Exploring the discovery of exoplanets made from transit observations.
A transit occurs when one smaller object directly passes in front of a star, as seen from the vantage point of the observer. As the object moves across the disk, a small amount of starlight is blocked. The periodically occurring brightness reduction of the host star is observable which allows for exoplanets --planets orbiting stars other than the Sun-- being discovered. Since the invention of the telescope, Venus has been observed to transit the Sun seven times, in 1639, 1761, 1769, 1874, 1882, 2004 and 2012.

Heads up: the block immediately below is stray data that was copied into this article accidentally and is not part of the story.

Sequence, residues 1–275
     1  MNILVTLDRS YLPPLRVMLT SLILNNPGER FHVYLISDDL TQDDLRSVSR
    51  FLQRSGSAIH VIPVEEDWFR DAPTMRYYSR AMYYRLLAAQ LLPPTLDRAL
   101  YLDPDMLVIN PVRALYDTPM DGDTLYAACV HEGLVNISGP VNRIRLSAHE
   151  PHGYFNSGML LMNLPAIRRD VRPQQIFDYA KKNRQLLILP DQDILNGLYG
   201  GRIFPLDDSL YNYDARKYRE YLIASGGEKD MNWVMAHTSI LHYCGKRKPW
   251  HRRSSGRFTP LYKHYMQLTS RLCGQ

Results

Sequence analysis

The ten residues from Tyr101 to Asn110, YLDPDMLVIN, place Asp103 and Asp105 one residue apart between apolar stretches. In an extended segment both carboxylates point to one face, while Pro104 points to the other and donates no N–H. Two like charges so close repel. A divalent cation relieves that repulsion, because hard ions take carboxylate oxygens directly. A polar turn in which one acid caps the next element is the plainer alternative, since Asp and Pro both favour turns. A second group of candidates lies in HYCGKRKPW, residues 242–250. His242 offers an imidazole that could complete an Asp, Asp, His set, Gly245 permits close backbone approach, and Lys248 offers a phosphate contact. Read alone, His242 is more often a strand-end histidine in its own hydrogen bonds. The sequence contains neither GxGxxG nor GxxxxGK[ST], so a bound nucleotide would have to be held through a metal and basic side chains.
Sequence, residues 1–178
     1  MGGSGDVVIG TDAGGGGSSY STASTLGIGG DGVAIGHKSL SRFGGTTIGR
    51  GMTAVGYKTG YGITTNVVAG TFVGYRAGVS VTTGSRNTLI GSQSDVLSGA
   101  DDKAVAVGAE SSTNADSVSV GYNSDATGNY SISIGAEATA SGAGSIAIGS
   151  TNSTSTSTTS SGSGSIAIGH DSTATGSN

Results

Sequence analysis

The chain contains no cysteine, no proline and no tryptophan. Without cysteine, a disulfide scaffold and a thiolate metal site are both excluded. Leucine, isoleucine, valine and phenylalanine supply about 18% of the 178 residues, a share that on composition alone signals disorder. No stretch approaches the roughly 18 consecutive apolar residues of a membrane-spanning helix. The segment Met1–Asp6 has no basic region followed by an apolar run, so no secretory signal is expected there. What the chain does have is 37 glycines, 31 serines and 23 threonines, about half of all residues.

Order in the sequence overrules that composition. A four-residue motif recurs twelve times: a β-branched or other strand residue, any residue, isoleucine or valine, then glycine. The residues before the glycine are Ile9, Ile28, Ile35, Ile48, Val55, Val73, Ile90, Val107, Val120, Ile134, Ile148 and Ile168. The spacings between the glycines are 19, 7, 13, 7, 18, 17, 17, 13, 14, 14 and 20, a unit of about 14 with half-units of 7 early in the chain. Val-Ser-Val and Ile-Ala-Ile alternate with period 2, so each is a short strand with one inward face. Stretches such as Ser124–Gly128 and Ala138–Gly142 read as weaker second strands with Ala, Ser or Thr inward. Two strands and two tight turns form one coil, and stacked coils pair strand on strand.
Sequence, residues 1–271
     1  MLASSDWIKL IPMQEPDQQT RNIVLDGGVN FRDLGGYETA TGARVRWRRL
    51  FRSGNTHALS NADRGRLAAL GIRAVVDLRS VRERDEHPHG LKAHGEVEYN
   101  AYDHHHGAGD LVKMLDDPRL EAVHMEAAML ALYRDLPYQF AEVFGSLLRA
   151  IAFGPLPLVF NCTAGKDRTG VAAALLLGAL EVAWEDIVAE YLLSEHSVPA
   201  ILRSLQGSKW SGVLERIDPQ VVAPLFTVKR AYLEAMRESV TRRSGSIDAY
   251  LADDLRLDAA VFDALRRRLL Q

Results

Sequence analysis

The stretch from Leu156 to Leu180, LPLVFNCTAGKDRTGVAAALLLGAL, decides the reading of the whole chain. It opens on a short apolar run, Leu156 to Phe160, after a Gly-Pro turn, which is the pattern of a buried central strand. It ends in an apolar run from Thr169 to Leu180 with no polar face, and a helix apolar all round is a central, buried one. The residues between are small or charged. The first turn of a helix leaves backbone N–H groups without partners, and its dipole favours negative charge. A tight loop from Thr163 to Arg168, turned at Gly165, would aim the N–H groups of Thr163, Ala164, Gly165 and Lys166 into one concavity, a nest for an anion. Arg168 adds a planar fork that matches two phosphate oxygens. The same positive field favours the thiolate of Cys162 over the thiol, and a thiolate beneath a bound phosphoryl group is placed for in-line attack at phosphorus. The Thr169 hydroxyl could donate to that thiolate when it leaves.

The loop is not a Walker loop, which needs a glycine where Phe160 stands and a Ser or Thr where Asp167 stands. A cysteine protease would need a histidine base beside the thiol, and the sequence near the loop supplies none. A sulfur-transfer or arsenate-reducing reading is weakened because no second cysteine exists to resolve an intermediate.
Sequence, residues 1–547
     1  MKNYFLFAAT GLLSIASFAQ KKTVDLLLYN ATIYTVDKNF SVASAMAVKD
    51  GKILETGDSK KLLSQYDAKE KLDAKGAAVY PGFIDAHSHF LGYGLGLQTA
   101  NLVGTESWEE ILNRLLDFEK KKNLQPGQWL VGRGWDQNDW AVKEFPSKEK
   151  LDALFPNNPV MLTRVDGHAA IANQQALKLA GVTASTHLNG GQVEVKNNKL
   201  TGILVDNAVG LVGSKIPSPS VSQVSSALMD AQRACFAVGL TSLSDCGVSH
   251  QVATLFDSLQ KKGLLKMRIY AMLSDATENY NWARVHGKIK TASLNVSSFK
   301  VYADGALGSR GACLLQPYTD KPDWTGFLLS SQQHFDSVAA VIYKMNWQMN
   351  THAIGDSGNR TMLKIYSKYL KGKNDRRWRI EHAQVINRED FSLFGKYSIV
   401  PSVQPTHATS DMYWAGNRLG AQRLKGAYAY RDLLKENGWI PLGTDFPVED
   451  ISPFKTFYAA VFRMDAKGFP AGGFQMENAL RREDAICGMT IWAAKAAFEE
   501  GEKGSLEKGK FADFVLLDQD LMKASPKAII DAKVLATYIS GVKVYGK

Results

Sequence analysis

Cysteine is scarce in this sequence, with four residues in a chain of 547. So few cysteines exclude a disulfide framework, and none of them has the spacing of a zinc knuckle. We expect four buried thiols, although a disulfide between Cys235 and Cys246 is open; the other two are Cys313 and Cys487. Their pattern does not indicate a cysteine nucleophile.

The next times will only be in 2117 and 2125.
When a smaller star partially blocks a larger star, a primary eclipse occurs. A secondary eclipse occurs when the smaller star is occulted, or completely blocked, by the larger star.
A transit of Venus across the Sun takes place when Venus passes directly between the Sun and Earth. During a transit, Venus can be seen from Earth as a small black disk moving across the face of the Sun.